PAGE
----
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Light therapy is an effective treatment for seasonal affective disorder, but a tailored form of cognitive behavioral therapy seems to be a more effective long-term treatment.

Light therapy is an effective treatment for seasonal affective disorder, but a tailored form of cognitive behavioral therapy seems to be a more effective long-term treatment.

SAD therapy

Talk therapy tops light therapy for treating seasonal affective disorder (SAD), a recent study found.

SAD is a type of depression that usually occurs in the winter months and like other forms of depression often involves symptoms such as hopelessness, increased sleep, reduced energy and ability to concentrate, loss of interest in work or other activities, social withdrawal, sadness and irritability. It affects more than 14 million Americans, and in some areas of the northern U.S., its prevalence is close to 10 percent of the population.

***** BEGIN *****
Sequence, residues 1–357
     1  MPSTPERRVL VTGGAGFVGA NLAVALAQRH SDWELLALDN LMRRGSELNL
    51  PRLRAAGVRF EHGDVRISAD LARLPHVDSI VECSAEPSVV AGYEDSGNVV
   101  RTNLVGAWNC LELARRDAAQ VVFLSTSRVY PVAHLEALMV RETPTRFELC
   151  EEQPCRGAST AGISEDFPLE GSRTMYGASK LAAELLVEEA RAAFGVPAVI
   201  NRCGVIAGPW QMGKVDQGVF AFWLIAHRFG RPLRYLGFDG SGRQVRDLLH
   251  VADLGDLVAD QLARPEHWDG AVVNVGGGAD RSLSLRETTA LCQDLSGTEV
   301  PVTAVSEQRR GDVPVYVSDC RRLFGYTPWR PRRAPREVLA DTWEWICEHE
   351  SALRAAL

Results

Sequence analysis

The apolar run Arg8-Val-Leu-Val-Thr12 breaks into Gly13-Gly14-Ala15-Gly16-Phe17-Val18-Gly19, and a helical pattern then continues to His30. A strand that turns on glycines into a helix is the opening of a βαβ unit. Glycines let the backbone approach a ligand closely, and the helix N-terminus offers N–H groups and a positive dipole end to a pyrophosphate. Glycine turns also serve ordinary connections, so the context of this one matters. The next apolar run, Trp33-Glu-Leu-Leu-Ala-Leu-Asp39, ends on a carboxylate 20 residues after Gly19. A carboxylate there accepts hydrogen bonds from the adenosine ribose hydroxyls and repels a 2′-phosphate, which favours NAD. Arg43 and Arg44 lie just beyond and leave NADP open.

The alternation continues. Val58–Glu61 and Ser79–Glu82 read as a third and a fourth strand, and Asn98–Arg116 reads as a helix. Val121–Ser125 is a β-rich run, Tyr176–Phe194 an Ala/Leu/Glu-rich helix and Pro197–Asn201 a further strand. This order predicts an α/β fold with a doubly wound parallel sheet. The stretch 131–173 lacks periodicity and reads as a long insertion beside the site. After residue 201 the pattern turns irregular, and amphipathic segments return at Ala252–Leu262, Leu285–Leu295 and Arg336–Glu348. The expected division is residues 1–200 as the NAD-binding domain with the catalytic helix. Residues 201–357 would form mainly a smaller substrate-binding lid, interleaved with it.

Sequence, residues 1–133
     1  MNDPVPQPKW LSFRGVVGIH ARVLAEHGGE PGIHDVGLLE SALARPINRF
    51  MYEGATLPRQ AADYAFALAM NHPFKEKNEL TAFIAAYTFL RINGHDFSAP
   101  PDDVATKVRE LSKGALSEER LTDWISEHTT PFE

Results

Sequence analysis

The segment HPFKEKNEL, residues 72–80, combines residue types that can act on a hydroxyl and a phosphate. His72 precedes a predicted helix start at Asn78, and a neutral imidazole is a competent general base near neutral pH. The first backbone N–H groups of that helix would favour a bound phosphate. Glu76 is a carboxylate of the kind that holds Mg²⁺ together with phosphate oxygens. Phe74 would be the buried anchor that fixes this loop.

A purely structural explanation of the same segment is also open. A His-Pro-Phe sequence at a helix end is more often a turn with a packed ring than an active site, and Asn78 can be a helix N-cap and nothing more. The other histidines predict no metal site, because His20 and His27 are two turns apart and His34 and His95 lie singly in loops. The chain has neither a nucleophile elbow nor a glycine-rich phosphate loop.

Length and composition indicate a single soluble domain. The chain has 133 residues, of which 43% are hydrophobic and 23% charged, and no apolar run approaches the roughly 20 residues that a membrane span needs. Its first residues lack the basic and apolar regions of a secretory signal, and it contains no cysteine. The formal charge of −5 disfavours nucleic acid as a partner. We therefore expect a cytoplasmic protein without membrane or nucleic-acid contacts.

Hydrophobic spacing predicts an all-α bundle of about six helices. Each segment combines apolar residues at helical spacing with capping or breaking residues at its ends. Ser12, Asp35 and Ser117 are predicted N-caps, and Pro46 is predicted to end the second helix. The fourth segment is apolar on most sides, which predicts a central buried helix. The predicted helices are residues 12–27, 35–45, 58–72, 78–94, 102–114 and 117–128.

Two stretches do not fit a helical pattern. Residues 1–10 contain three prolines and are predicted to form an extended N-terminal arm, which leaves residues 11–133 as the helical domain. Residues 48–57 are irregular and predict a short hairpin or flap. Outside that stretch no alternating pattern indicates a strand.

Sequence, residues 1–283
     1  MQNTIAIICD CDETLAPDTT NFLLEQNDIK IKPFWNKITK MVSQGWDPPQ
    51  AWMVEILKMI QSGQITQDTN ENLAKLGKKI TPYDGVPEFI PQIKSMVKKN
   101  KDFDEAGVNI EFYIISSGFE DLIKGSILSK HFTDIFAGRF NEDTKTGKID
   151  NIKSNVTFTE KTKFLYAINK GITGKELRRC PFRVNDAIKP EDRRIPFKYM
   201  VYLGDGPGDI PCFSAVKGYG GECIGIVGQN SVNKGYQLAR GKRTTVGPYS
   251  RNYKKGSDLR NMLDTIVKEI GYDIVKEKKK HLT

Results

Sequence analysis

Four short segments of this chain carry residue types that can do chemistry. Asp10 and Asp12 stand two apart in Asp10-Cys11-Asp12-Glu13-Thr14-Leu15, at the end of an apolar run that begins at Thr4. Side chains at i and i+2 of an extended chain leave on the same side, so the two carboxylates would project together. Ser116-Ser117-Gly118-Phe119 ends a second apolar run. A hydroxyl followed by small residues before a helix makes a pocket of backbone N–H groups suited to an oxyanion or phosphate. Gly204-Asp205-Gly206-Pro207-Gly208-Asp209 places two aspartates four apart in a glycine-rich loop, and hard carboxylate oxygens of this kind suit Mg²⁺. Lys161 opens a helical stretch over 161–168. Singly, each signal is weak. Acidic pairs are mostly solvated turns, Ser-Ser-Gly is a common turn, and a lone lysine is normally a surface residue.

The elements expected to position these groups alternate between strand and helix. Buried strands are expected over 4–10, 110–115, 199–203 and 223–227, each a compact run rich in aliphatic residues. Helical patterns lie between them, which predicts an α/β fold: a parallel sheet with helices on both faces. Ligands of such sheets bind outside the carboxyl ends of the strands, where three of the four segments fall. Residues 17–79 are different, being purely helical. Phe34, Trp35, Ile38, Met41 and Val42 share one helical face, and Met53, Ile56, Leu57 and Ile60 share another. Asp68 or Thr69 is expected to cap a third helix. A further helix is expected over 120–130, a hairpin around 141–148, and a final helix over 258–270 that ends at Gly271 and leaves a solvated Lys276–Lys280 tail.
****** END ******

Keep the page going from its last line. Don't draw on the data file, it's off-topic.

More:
Treatment for SAD commonly involves light therapy using a special lamp that mimics sunlight, but a new study from University of Vermont researchers suggests that a special type of cognitive behavioral therapy (CBT) is a better long-term solution for SAD sufferers.

Kelly Rohan, a psychology professor, led a study in which about 175 people with SAD received either six weeks of light therapy or a version of CBT that taught them to challenge their negative thoughts about dark, winter months and to resist social isolation and other behaviors that negatively affect mood. Two years later, close to half (46 percent) of light therapy recipients experienced a recurrence of depression, compared to 27 percent of those who had CBT. Participants in the light therapy group also reported more severe SAD symptoms.

Part of the problem with light therapy, Rohan said, is the fact that people have to keep using the treatment in order for it to work.